The price list gives beer prices in euros/ half liter. This converts directly to USD/pint because both the euro and the half liter are about 10% more than the dollar and pint respectively. This is the price of beer from the tap served at a beer garden in Slovakia. I can find bottled beer in a supermarket in Hungary for about $0.50/pint. When was the last time you paid $1-2/pint ? Consider another commodity. I am paying $30-50 / night for first class hotel rooms in large cities in Slovakia and Hungary. OK, so they are not big name hotels like Hyatt or such. But they are not dingy places either. Similarly food is not expensive.

While studying the beer at this local beer garden, I ran into a local Slovakian cyclist named Fero. We did not share a common language. So we used a translation app that I have on my iPhone. It is called Speak & Translate.

Fera, and Tim. Two retired cyclists enjoying a beer together, near Bratislava, Slovakia

The app enabled us to take turns speaking a sentence or two in our native language, then after a moment, it would do its best to translate and say the statement in the other language. The app also created text and could accept text as input.

This worked surprisingly well for two important reasons. We both enjoyed each other’s company, and we had no alternative means of communication. The app is otherwise somewhat tedious. Heike and I made good use of it in Germany. More typically people do not want to be bothered. A shared interest in good communication is essential.

It helped a lot that I could read Fera’s facial expressions to gauge how well he understood the resulting translation. It was not always perfectly clear. I’m sure he was also reading my face.

I found Fera to be both curious and level headed. We spoke about a number of things. For instance, he observed that where cultures mix together, there is conflict and sometimes bad things can happen. In these cases, it is so critical to keep a calm head. We both agreed that the mix of cultures is important.

Near the end of our conversation, I asked Fera about good places to stay. Though he was headed west, and I was headed east; he insisted on guiding me to the best towns to the east, by bike. This took him about ten kilometers out of his way. I stayed in a town with a natural hot spring. Good medicine for overused muscles. I really appreciated Fera’s guidance.

Hungary/Slovakia

Somewhere along the way I crossed the border into Hungary, another EU country. Here the Danube is the International border. Slovakia is on the North Side and Hungary to the south. Whenever I cross the river, I have to keep in mind that the currency changes. I switch back and forth a few times. The official currency of Hungary is the Forint, not the Euro. However I found a grocery store near the border which will happily take either currency.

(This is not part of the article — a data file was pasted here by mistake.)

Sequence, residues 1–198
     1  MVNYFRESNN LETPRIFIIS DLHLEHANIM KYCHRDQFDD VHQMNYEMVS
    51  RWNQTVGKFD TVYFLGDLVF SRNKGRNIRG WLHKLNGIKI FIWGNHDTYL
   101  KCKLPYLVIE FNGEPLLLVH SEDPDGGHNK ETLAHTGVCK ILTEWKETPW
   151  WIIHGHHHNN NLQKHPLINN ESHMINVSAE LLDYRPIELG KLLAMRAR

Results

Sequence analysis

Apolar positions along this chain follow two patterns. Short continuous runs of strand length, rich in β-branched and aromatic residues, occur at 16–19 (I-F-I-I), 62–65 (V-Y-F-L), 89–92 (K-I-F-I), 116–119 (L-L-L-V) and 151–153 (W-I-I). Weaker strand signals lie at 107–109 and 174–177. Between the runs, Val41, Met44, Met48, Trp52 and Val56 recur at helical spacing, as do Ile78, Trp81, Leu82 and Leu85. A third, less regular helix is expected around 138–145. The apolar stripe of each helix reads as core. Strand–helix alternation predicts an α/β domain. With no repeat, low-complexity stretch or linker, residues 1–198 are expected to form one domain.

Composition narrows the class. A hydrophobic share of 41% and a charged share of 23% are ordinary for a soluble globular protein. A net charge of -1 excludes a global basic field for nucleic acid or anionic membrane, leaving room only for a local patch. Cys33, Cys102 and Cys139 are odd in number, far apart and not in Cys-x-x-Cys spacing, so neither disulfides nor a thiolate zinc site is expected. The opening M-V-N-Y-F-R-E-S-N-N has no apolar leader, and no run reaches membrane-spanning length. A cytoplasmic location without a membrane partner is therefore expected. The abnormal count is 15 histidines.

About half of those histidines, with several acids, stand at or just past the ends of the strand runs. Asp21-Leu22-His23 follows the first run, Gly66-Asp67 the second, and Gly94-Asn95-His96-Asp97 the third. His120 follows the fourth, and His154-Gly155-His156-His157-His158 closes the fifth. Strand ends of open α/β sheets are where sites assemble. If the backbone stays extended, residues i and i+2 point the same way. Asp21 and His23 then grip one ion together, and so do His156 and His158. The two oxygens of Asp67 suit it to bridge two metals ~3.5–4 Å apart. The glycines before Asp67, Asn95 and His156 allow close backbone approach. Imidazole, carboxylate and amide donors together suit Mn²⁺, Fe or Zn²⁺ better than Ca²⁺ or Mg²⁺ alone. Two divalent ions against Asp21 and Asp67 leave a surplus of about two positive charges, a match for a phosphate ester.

In Hungary many of the merchants speak German, though the average guy on the street does not. It creates a barrier that is sometimes uncomfortable for me. It’s difficult to explain why. I feel sort of discourteous when someone says something and I can only return silence, or say something that will not be understood. I will need to get over this soon.

Lately, when I hear someone speak a language I understand, I want to start up a conversation. I overheard an Austrian couple in the hot spring and chatted. I found a couple of German cyclists on The Cycleway , Peter and Petra from Berlin. Peter had many questions about my odd looking bicycle. It was a pleasure to chat.

Petra and Peter on route in Hungary

Perhaps it is unfair to lump Hungary and Slovakia together. From my naive perspective, I do so anyway.

In general, I find that the drivers here are as respectful to cyclists as anywhere else in Western Europe. The Danube Cycleway is not as well marked, but there is an App that makes this a non-issue for anyone with a smart phone. The road surfaces are not as well maintained as in the west, but certainly no problem for a bike with 35mm tires.

I find abandoned buildings in places. I find shops on Apple Maps that no longer exist. I do not see evidence of crime, though I think people here are more cautious to lock things down. My reference point is San Francisco, where I have lived for ten years and have had four or five bikes stolen. I do not see any stripped bikes chained to a lamppost here.

The cost of living is remarkably low, compared with Western Europe. Yet the quality of service is quite good. Also, the technology is not at all backward.

I remember last year in rural Indiana, my brother surprised a liquor store clerk by using his iPhone to pay for beer. The clerk wasn’t even aware that it was possible. Here in Hungary, the Apple Pay technology is everywhere, and the clerks are not surprised. Along these same lines, the room I slept in last night had LED illumination. The buses and cars seem to be modern.

Technology spreads without boundaries. When cheaper and better solutions become known, they move quickly across borders. It is not like the days of the Iron Curtain. For instance, Apple Pay, Lime scooters are in every large city I have been in. Uber is only in some cities. Essen, Munich, Vienna yes. Linz, Überlingen, no.

I do notice that there are working phone booths east of VIenna. Also, I do not see any electric cars, though they are also quite rare in Western Europe, compared to California. I’m guessing the hard winter may make them less practical.

I hosted a Belgian couple that had just finished cycling through South America. They explained that it was common to hear the locals describe the next country on their itinerary as being not up to the same quality as they experience here in this country.